[vorbis] mp3pro and the mp3 streaming license
vdbj at yucom.be
Sun Jun 10 10:05:59 PDT 2001
>> - artist can already distribute mp3's for free and not be subject to
>> royalties. (very clear)
>> - free radio station can use mp3 to stream and not be subject to
>> royalties. (debatable, but what else would "not charge royalties for
>> free distribution" mean?)
> So what you saying is all artists should distribute their music for
> free, or at least without making any related incoming to the
This "related to distribution" is pulled open too widely. As long as
the artist/radio station does not charge for the mp3 there needn't to
be paid license fees.
> I thought the whole idea here, was to empower artists to leave the
> current distirubtion shackles and give them a world where distribution
> shackles don't exist.
but I completely agree. of course I find OGG a fine alternative and I
also think an artist should be able to sell his music, and that
$15.000 or 1% of income for music may be too harsh and using OGG would
save them that.
> MP3 has shackles. For tools, very harsh ones, for selling mp3's, fairly
> harsh ones.
Indeed, mp3 technology comes at a cost. Anyways, free is better, but
the current cost is far from dramatic. An artist distributing music
via the web has traffic and hosting costs, must pay for the "e-retail"
service and for the payment conversions and insurance against fraud.
If, as an artist, you'd join a service that has more than 100 clients,
there would be the (little) extra cost of 1% or $150 at the least per
year per artist. 500 Clients would make this 1% as I assume you sell
for more than $30/year if you're into selling music.
> For streaming radio, very harsh ones.
as long as you don't sell the stream it's no problem.
What do you think is meant by "If MP3 is used for free distribution on
the Internet, we will not charge royalties" then? At Thomson they
know a free radio station has costs and they get funded. So as long
as you are not asking $ to hear the stream they can't charge you.
It is _not_ their business how you raise funds. Can be
+ advertising on the site via banners or
+ advertising or thank sponsor messages in the programs sent out via mp3
which, in the end are all related to the broadcast directly or
indirectly and all raise funds.
So when they say "If MP3 is used for free distribution on the
Internet, we will not charge royalties" this means: we only ask
royalties if you charge to listen.
analogy. Some techie inventing a transistor that is in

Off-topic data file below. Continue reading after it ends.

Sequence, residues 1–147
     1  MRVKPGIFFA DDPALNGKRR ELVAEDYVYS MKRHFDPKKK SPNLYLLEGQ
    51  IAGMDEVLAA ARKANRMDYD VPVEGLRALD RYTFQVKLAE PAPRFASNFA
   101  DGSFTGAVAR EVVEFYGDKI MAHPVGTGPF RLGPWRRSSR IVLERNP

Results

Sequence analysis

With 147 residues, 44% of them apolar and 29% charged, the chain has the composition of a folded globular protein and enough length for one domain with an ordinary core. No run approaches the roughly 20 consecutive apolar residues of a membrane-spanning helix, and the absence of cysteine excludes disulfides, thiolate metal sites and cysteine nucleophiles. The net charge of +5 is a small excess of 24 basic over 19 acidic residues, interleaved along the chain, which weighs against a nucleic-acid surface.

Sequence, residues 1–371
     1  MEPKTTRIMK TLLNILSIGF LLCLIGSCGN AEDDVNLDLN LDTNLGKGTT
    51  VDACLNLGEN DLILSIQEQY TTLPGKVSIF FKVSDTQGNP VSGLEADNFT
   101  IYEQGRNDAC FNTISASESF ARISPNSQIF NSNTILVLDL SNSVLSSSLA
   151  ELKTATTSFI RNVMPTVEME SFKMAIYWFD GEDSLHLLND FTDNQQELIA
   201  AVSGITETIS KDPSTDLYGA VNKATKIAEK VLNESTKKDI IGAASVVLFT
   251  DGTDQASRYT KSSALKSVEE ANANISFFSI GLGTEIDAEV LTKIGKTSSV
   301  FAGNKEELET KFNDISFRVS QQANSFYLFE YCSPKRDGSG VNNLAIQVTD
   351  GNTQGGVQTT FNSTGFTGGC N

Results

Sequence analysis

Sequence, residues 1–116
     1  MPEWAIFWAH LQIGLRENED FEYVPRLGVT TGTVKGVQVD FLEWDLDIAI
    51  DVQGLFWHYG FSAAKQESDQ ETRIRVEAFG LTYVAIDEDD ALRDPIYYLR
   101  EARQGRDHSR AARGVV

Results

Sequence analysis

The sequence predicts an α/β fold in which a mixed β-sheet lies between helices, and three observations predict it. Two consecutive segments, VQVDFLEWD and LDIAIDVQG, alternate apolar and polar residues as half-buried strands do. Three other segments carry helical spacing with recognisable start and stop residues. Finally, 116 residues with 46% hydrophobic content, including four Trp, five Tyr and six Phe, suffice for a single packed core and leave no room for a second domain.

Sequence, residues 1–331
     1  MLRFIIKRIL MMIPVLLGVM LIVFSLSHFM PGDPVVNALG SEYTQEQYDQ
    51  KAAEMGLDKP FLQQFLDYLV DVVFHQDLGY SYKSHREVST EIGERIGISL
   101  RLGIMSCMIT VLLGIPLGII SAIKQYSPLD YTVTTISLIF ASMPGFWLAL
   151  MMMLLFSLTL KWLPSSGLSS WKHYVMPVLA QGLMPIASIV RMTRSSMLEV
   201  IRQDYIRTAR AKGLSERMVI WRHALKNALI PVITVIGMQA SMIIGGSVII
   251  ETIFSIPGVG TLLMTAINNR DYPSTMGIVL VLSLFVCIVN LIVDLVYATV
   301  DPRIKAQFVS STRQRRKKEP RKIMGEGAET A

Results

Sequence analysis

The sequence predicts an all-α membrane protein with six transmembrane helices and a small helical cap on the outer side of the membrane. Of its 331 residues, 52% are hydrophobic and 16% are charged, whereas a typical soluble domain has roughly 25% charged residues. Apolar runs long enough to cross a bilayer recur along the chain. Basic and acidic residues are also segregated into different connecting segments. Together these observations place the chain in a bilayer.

all tv's can't claim 2% of global TV-station-income of their TV
> While it's all fair and good the free users may not have to pay
> (remember, that streaming and distributing are differentiated between in
> most documents and licenses I've seen, which is why I've been saying
> 'may'), the artists still have some corporation that makes money off
> their work, by controlling the distribution channel.
You will always have that (hosting, site, insurance, money transfer,
...), but it's the extra costs, and if you can do it free why not,
> There are plenty of reasons to switch to Ogg without this extra
> licensing, but I'm glad they added it, because now a lot more people
> will understand what we're doing here. Changing the patent license on
> the fly any time you think there might be a new revenue stream is not a
> good thing.
uhm, this was announced a few years back by FhG and Thomson and was
normally for 2000 and got delayed to 2001 beacause of the release of
So allow me to say that "Changing the patent license on the fly any
time" is more a vision that fits the OGG perspective and would not be
the way I'd tell it since this was announced a very long time ago.
Actually, I think now many people are relieved (the low cost, could've
been much worse) and a significant group, the free radio stations, are
Being the advocate of the devil, as always, I honestly don't know if
Vorbis is able to change their current "free and open" statute on any
I'm quite sure you won't but what is my guarantee that one day, with
the help of the "excellent team of legal representatives of Vorbis",
you'd try to to raise license fees once OGG is mainstream or maybe come with
"OGG 2.0" or "OGG PLUS" which do try to recover some developing costs
using license fees?
I know, that's the last thing on your mind and against the whole
spirit of the project, but I'm just mentioning this as a
counter-weight to the claims that Thomson is changing patent license
ok, I'll be gone now :)
thanks for Vorbis!
Roel mailto:vdbj at yucom.be
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